- Standard Number:
OSHA requirements are set by statute, standards and regulations. Our interpretation letters explain these requirements and how they apply to particular circumstances, but they cannot create additional employer obligations. This letter constitutes OSHA's interpretation of the requirements discussed. Note that our enforcement guidance may be affected by changes to OSHA rules. Also, from time to time we update our guidance in response to new information. To keep apprised of such developments, you can consult OSHA's website at http://www.osha.gov.
March 16, 1998
Mr. Robert S. Beisel
Hazard Recognition Services, Inc.
P.O. Box 243
Sardis, Ohio 43946-0243
Re: 29 CFR 1926.602(a)(1)
Dear Mr. Beisel:
This is in response to your letter of November 17 to the Occupational Safety and Health Administration (OSHA.) Your letter requested an interpretation of OSHA's standard in 29 CFR 1926.602(a)(1) with regard to a Ferguson pneumatic compaction roller. You explained that your concerns are directed toward "mandatory and/or non-mandatory provisions which currently exist for providing ROPS, seat belts, gates, doors, or other safeguarding for this specific equipment."
OSHA does not currently have a standard addressing the hazard of rollover for this type of compactor equipment. Section 1926.602(a)(1) states that: "The promulgation of specific rules for compactors and 'skid steer' equipment is reserved pending consideration of standards currently being developed."
The construction industry has long recognized the hazard of rollover with respect to compactors and skid steer equipment. In 1977, SAE adopted performance criteria for ROPS, when used on a variety of different kinds of machines, including compactors and ski steer equipment. In other words, if a manufacturer or owner decided to install ROPS on such equipment, SAE recommended that it meet a specified minimum level of performance. It developed that criteria after studying how ROPS had performed in actual rollover incidents (SAE J1040b (1977).) Therefore, at least since 1977, the industry has recognized that there is rollover hazard associated with this type of equipment.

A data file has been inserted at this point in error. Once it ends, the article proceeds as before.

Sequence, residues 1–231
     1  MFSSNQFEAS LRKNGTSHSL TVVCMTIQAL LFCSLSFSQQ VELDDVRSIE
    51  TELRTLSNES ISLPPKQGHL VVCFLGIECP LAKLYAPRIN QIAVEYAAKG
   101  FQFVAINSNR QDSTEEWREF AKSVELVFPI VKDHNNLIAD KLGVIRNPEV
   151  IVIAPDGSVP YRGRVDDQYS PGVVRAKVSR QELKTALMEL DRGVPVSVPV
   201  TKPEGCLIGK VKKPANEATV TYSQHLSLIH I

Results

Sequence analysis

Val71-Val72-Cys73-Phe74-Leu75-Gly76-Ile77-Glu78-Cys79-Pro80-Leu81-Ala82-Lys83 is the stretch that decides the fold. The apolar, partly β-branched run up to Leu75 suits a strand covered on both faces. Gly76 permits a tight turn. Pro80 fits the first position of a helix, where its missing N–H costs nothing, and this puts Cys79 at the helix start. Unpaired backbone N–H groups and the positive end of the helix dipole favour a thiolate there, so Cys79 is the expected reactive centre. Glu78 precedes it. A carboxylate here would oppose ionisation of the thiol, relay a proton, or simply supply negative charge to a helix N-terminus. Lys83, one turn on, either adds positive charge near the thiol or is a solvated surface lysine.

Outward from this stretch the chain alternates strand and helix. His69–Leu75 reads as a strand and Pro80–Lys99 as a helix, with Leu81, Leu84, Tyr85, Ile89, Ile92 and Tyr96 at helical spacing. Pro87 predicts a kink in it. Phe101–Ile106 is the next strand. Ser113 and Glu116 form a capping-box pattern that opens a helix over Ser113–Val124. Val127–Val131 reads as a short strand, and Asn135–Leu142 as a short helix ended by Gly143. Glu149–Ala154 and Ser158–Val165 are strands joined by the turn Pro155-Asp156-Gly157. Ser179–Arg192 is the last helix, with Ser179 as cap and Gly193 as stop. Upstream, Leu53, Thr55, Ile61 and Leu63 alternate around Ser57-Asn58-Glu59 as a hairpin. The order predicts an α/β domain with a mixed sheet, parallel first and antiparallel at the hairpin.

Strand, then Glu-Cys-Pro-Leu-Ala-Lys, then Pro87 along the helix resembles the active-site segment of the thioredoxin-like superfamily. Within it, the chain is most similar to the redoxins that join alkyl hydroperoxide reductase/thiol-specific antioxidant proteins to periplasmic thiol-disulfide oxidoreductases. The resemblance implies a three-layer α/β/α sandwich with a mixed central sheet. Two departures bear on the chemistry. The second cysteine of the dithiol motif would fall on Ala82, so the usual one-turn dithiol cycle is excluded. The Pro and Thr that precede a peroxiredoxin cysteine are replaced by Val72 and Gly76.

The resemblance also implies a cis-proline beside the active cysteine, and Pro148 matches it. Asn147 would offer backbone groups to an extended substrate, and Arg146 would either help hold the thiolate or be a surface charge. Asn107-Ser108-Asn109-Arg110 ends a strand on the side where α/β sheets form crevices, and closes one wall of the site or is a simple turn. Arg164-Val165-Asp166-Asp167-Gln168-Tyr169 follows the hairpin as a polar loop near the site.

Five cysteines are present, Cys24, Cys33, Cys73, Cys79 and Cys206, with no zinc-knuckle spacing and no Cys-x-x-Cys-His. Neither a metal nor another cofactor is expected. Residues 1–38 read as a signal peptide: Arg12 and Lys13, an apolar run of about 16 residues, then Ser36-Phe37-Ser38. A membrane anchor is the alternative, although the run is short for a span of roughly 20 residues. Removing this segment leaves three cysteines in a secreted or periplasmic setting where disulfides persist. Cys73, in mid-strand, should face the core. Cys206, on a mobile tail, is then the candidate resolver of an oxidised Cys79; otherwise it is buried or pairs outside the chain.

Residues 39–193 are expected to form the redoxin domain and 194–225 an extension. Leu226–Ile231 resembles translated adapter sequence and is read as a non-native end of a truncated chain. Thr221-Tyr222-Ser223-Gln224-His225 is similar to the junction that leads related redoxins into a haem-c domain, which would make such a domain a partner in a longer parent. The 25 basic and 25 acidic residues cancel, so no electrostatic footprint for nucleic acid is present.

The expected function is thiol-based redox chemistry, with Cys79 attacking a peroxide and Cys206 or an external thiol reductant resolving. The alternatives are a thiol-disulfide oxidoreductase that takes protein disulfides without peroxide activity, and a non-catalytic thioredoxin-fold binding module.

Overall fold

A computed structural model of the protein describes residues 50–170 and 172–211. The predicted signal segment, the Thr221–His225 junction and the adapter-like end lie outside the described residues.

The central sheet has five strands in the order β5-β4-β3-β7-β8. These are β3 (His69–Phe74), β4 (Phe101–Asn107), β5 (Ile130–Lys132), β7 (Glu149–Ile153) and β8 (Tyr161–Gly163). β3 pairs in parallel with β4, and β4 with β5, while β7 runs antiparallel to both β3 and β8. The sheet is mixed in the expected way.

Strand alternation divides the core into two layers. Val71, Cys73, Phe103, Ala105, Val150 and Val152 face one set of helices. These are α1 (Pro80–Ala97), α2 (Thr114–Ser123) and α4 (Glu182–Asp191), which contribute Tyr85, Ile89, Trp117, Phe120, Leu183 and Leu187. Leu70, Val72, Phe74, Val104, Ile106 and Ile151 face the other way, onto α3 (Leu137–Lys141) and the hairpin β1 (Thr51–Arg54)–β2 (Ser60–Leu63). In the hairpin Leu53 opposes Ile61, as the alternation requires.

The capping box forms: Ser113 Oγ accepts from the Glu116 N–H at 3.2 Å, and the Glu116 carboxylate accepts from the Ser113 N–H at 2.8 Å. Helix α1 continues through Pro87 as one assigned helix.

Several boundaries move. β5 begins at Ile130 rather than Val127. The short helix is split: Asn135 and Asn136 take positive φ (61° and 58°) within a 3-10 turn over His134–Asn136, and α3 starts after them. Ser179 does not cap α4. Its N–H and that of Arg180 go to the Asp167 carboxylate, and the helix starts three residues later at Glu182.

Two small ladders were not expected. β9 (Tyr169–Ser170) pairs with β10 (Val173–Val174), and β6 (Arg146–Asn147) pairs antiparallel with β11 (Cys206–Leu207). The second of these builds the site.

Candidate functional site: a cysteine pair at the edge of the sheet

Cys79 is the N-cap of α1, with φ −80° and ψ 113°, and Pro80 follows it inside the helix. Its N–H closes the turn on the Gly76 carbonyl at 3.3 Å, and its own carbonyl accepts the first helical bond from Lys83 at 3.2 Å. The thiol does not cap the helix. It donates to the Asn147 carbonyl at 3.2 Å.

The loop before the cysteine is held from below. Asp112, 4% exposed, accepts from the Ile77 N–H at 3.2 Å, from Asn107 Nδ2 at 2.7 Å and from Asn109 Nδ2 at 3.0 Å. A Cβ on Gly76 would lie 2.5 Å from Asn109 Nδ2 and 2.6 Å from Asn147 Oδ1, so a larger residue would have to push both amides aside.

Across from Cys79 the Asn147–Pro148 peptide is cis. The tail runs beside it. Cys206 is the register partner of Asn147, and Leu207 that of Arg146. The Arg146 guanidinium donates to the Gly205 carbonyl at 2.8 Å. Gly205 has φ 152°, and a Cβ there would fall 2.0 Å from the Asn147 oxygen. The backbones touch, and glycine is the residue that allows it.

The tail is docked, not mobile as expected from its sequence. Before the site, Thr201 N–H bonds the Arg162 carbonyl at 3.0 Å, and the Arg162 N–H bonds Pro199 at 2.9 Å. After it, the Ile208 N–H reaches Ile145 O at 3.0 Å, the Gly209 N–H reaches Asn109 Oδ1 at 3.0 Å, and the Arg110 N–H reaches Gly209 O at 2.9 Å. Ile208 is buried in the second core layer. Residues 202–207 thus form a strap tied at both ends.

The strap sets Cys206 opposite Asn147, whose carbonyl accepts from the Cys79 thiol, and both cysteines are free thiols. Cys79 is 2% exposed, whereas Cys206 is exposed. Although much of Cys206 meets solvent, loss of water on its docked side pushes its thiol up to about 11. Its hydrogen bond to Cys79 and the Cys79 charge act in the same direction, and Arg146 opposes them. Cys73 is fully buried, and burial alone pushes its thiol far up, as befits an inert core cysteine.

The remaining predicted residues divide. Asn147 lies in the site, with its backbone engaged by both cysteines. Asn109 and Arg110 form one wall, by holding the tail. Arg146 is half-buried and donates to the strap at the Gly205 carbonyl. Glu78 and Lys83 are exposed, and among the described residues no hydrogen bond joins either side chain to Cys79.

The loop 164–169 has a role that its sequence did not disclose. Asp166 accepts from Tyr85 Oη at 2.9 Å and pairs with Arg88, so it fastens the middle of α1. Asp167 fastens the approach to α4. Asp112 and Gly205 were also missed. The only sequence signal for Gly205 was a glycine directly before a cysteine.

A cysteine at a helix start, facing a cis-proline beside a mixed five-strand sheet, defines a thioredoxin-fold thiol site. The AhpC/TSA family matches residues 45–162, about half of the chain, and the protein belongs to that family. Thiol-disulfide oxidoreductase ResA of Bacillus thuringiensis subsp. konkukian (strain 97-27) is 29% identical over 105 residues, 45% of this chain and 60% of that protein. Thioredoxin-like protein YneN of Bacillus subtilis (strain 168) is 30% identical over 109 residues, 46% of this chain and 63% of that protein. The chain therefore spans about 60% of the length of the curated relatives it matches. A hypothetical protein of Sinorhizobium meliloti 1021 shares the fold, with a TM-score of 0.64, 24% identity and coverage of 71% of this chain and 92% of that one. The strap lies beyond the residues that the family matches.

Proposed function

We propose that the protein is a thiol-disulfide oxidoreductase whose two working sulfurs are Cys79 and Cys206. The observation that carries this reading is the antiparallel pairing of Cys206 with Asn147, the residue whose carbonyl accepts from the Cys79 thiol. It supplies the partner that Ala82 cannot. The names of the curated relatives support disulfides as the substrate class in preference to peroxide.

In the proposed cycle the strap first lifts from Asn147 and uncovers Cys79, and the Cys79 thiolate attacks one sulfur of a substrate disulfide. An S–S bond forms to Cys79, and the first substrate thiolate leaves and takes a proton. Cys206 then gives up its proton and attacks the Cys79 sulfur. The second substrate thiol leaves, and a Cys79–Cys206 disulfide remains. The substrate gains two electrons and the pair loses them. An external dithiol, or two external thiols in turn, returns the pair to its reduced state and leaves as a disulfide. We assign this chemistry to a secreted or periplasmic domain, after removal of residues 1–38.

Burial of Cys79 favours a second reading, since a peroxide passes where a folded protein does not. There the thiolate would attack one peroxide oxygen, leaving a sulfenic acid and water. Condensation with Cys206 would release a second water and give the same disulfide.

Thus, it is OSHA's position that the hazard of equipment rollover is a "recognized" hazard within the meaning of the general duty clause (section 5(a)(1)) of the Occupational Safety and Health Act and that ROPS and seat belts are feasible in many situations to reduce this hazard for pneumatic compactors and "skid steer" equipment.
This letter supersedes an August 8, 1991 letter to Mr. Ken Cooper of the U.S. Department of the Interior, Fish and Wildlife Service.
Thank you for your concern about this important occupational safety issue.
Russell B. Swanson, Director
Directorate of Construction